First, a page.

When the money we lent started coming back, we thought why are we salting our money in banks when it can change lives.
– Christopher Rego, Sunbird Trust
Then there was a feeling that “they celebrate their national festivals but not Christmas, as Mizoram has a sizable Christian population.” Rego was asked to prepare an appropriate celebration of Christmas.
A Christmas celebration
He quickly identified some artisans on the border of Bengal and Bangladesh who made Durga and Saraswati idols; got them to make life-size statues of Jesus, Mary, Joseph, and recreate the Nativity scene. “They gave us the most beautiful statues and a platoon of boys from the headquarters helped to bring them to Aizawl, the capital of Mizoram. And the whole scene was put together at a popular bazaar where half of Mizoram comes to celebrate Christmas with a prominent message: ‘Assam Rifles wishes you a Merry Christmas’. It became such a big hit that the police sulked at the Army for not informing them in advance as the roads were choked and photographers were making a quick buck as people posed for pictures with this beautiful celebration of Christ’s birth.”
And with all Assam Rifles posts across Mizoram displaying a star with the greeting ‘Merry Christmas’, many hearts were won.
Sponsoring children’s education
The Mizoram posting was more than a learning experience for Rego. The couple wanted to do something for the local children and started sponsoring their education by investing their savings and collecting funds from friends and family. After he had got ₹10,000 as compensation for moving to Mizoram, a tribal boy turned up one day saying that he had got admission to an American University and also the visa. “He needed money for the ticket and we decided to give the required money to him, including some contribution from our friends. But the strict condition was that the moment he starts earning he has to return the money, so it can help another child.”
To his utter surprise, the next year, when he was about to leave on posting to Bengaluru, the boy’s father turned up at his doorstep at the Assam Rifles camp in Aizawl with a huge pumpkin, some bananas, a shawl and a bundle of money. His son had earned the money doing chores at this college. But he said if you don’t mind there is another boy who needs money to complete his PG course. That boy returned the money in eight months, as he got a job in an IT company in Bengaluru. “So we thought why are we salting our money in banks when we can change lives? Our siblings, friends, etc joined in and the numbers grew.”
All this was done quietly when he was still in service. As the time to retire approached and he had the opportunity to choose his last posting, and instead of choosing his hometown Bengaluru, he asked to be posted in Manipur, and, being an Army engineer, he was posted with the Border Roads Organisation (BRO), and got another big opportunity to be in the field, travel the length and breadth of Manipur and engage with the locals. But there was violence too; “a bomb was thrown outside our headquarters; some of our boys were kidnapped, and I was frequently delegated to resolve these issues.” This was his opportunity to find out more about the people’s reality, the diversity, the crucial issues, public perceptions, etc. The thought crystallised in his head to set up his own NGO. The day after he retired from the Army he took over as CEO of the Sunbird Trust.
When Ravi met Chris
Let’s now cut across to how Ravishankar and Paola came on the scene as angel investors for Rego and his Sunbird Trust. Paola and Rego were friends from their school days in Bengaluru; “she introduced me to Ravi over a year ago, and he saw one of my presentations, invited me over and after some discussions surprised me with a lovely cheque of ₹1 lakh. He also said I’d like to come to the NE and take a look.”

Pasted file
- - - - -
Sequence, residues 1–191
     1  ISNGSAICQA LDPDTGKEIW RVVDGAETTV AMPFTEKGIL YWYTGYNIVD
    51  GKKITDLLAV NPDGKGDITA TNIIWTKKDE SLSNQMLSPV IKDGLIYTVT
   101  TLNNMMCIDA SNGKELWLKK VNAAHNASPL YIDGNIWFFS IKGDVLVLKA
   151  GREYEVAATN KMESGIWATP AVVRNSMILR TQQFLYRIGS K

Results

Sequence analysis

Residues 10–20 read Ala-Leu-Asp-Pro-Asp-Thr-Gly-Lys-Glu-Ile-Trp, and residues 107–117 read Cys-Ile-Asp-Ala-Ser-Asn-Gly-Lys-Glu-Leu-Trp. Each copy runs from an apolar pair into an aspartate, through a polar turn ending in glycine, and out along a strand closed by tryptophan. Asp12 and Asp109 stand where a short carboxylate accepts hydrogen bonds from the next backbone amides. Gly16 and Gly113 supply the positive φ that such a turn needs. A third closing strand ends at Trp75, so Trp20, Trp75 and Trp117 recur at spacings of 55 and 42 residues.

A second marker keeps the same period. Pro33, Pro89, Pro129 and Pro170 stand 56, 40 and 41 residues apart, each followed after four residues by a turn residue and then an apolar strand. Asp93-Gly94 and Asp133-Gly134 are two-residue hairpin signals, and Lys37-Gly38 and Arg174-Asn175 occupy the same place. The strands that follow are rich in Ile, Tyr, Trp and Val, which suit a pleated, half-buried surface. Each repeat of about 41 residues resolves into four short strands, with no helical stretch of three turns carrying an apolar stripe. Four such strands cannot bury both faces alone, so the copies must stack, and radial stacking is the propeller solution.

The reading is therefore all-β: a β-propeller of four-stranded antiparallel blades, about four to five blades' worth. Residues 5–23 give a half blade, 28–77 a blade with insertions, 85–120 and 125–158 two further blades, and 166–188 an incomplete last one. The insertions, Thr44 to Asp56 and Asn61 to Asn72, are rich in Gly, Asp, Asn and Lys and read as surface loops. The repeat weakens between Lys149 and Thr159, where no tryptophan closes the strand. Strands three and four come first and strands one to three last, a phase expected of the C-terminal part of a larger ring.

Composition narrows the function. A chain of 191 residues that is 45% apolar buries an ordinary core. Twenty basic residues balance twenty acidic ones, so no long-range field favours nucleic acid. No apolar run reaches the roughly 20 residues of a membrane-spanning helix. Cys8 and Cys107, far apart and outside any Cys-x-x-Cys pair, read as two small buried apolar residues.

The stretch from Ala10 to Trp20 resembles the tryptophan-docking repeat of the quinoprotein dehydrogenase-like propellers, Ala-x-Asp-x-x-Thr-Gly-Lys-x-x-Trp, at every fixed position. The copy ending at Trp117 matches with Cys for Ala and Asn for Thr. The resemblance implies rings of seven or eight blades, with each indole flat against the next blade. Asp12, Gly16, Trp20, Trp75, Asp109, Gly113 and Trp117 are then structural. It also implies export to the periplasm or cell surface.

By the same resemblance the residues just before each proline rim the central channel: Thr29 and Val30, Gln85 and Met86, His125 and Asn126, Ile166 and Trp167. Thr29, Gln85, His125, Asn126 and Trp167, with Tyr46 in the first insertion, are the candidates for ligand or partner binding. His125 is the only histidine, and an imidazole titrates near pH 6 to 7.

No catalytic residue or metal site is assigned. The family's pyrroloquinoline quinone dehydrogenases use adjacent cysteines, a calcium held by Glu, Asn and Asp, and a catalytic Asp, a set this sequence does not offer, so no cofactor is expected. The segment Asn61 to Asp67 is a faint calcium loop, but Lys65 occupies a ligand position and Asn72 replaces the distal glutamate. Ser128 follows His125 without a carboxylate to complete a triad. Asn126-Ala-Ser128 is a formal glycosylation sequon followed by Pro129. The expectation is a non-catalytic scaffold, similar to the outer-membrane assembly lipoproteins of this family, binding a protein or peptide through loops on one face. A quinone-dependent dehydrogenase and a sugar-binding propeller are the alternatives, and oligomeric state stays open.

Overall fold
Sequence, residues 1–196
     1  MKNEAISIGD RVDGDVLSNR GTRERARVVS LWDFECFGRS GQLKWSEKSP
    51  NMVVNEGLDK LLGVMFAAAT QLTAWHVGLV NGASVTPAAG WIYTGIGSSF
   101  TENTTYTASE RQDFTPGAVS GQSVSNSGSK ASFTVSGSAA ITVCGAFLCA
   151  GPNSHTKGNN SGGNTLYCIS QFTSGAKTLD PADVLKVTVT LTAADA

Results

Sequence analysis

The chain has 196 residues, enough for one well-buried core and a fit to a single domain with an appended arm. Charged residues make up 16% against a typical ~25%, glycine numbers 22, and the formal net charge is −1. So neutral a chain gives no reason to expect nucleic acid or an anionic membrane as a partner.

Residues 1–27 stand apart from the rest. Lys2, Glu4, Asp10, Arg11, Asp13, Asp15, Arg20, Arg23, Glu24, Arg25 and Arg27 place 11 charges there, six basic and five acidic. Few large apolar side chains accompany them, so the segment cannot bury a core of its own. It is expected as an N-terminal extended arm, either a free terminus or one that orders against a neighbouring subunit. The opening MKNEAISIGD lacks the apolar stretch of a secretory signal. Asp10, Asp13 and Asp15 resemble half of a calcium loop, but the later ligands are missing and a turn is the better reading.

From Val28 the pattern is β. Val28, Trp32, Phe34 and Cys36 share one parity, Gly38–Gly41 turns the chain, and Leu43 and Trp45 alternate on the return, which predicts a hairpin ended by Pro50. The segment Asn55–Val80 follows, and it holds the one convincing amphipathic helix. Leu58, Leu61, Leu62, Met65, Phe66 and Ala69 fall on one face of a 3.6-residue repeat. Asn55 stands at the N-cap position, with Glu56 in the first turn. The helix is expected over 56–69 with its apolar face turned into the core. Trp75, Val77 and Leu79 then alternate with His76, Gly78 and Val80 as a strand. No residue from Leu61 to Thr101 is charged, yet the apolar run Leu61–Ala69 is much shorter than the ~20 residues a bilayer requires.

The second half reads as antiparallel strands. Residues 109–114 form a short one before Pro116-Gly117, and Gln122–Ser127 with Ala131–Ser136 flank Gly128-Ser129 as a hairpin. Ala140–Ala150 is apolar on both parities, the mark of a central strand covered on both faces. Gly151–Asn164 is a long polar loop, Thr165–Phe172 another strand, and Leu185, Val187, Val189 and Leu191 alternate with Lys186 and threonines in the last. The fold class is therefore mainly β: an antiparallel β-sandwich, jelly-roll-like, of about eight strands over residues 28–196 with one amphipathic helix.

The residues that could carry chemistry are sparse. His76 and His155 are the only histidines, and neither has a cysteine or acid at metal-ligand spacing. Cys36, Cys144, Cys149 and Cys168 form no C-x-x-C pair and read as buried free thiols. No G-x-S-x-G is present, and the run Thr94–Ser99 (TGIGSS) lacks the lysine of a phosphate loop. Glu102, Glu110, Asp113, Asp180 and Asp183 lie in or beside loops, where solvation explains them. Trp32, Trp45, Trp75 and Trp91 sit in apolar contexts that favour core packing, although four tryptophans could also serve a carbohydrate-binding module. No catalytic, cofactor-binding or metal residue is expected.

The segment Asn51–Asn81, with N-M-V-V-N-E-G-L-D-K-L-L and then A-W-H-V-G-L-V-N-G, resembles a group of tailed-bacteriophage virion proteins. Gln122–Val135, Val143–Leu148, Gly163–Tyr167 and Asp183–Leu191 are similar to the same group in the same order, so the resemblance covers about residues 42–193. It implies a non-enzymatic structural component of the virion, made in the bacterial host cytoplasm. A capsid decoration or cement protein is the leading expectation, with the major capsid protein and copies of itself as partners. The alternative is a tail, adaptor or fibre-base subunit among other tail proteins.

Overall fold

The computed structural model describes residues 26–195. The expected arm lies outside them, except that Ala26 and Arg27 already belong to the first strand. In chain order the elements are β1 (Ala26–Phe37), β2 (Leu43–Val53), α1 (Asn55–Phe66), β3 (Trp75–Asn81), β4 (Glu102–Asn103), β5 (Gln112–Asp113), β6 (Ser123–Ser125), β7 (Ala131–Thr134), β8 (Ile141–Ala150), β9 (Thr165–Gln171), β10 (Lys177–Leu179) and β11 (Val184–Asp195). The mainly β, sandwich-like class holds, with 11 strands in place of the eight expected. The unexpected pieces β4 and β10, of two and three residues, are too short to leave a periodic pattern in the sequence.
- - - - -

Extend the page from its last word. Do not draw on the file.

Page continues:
Again, the Rotarian surprised Rego by buying not only his but also Rego’s flight tickets. They travelled first to the Majuli island in Assam, where Sunbird was sponsoring 100 children. Now here Rego has an interesting story to relate; that of 27-year-old Bipin Dhane from Maharashtra who wanted to join his team sometime ago. “When I told him to get some more experience, he said don’t worry about my qualification; I have graduated from IIT Kharagpur and have worked in Singapore for three years, but not happy with the corporate world he wanted to work with the children in the North-East.”
So Rego channelised some of his donors to him, as his praiseworthy objective is to “create a team of teams instead of just having my own team.” So now Dhane runs his own school with the locals through his Ayang Trust, but 90 per cent of his support comes from Sunbird.
Recalling his trip to this school in Majuli island on the Brahmaputra river, Ravishankar recalls being “half eaten up by the mosquitoes, because the caretaker, by mistake, gave me a room freshener instead of a mosquito repellent. There were so many mosquitoes that I thought they would lift me up!” But the next morning, seeing Dhane’s impressive work, he forgot the previous night’s trauma and strengthened his resolve to do more for “the neglected region of North-East”.
And that includes developing an entire campus for education, teachers’ training, skill development and vocational training and above all, women’s empowerment through self-finance ventures for which they will be trained to become entrepreneurs. “That is how I got my support from society… . I became an entrepreneur because society tolerated and supported me in so many little things. That tolerance and support I now want to pass on to other entrepreneurs. When I was struggling as a youngster, and when I say that society helped me, let me clarify that in my earlier years it was mostly women, including my own sisters who played such a huge role in making me what I am today,” says Ravishankar.